ATLANTA -- As Irma moves closer, many metro Atlanta hospitals are stepping up to make sure the most vulnerable are safe from the storm's destruction.
Facilities like Northside Hospital and Children's Healthcare of Atlanta have begun to take in infant patients from south Georgia. Northside Hospital's Atlanta and Forsyth campuses, for example, say they've opened their doors to 11 infants.
According to a spokesperson with the hospital, 11 babies from the Neo-natal Intensive Care Unit at Memorial Health Hospital in Savannah arrived with their parents on Friday.
Meanwhile CHOA tweeted a photo of staff prepping medical equipment to transport the "precious cargo to safer locations."
In all, the Georgia Department of Public Health facilitated moving a total of 59 infants on life support--from hospitals in the Savannah area to other hospitals in metro Atlanta and the rest of Georgia that are not expected to be impacted by hurricane-force winds. Patrick O'Neal, M.D. is the commissioner of the department and explained that many of the young infants, many of them premature, each had to travel inside a mobile ICU called an isolette to survive the hours-long evacuation.
"It will allow almost like a cocooning of the baby, so that it can be moved, very safely, maintaining all those requirements that the baby would have had in the original hospital," O'Neal said.
Georgia DPH has activated its emergency operation center--part of GEMA's state operations center--helping coordinate hospital evacuations across the state and making sure shelters for thousands of evacuees are staffed with doctors and nurses, and equipped with cots and necessary supplies.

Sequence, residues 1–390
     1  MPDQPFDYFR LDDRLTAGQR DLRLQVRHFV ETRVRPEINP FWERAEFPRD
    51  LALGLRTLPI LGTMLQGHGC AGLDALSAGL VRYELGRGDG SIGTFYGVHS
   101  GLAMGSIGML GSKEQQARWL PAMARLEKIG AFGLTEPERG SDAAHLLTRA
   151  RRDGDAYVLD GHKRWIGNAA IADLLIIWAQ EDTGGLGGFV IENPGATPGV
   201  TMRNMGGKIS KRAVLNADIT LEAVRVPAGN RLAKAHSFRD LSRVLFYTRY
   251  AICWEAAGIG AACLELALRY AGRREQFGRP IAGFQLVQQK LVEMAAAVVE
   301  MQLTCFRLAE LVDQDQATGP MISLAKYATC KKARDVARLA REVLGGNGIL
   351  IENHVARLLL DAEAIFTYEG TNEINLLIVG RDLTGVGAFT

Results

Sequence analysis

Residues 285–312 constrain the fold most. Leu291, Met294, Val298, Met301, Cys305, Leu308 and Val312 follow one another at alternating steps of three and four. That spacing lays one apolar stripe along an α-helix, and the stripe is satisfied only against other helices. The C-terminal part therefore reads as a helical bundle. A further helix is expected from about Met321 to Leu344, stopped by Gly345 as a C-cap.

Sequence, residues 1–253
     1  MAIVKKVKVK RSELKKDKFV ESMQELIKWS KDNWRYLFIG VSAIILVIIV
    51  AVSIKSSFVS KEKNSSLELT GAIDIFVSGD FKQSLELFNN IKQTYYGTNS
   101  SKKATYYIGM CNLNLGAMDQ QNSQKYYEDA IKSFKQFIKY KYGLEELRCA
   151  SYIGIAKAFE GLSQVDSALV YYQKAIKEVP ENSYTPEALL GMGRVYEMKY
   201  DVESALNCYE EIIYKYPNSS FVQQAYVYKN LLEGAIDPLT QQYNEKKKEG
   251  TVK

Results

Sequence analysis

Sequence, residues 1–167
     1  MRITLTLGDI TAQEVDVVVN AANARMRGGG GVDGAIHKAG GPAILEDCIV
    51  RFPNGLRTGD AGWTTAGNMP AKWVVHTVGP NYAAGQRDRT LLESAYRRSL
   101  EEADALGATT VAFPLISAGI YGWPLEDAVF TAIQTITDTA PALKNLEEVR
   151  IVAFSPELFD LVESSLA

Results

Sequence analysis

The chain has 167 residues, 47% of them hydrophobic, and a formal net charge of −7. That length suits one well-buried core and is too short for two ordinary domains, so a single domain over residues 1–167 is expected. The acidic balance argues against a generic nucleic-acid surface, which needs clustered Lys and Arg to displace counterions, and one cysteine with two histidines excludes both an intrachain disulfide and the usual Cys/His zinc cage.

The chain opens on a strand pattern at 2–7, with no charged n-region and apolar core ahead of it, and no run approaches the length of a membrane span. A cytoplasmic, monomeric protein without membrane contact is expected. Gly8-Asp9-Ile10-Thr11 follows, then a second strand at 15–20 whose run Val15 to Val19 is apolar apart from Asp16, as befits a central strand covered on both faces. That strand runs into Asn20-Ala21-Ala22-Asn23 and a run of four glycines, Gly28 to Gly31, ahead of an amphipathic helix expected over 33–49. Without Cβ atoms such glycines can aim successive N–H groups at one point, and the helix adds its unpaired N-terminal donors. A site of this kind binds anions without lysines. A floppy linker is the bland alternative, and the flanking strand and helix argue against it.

And for many of the DPH employees, the mission is personal in every way.
“We want to take care of the citizens, of which, some of them are my family," said Keisha Dixon. "We’d like to make sure that they’re taken care of.”
At this time, the Category 5 storm is poised to carve a destructive path up the Florida peninsula before pushing through the Georgia state line as a tropical storm. More than 90 Georgia counties -- including several in the Savannah-area -- are under a state of emergency.
But the fragile infants aren't the only evacuees seeking shelter from Irma in the Peach State.
Several of metro Atlanta's religious communities also announced they would be opening their sanctuaries to host thousands of evacuees from Florida and South Georgia. The Toco Hills Jewish community said they would be opening their homes to any Orthodox Jews fleeing south Florida. Meanwhile, several mosques said they "stand ready to provide the service to our neighbors of all faiths and backgrounds."
Aside from that, several volunteers also worked hard to get pets and animals out of the path of the storm. On Thursday, representatives from the Atlanta Humane Society traveled to central Florida to rescue shelter animals, and the Georgia Aquarium helped relocate several rescue sea turtles.
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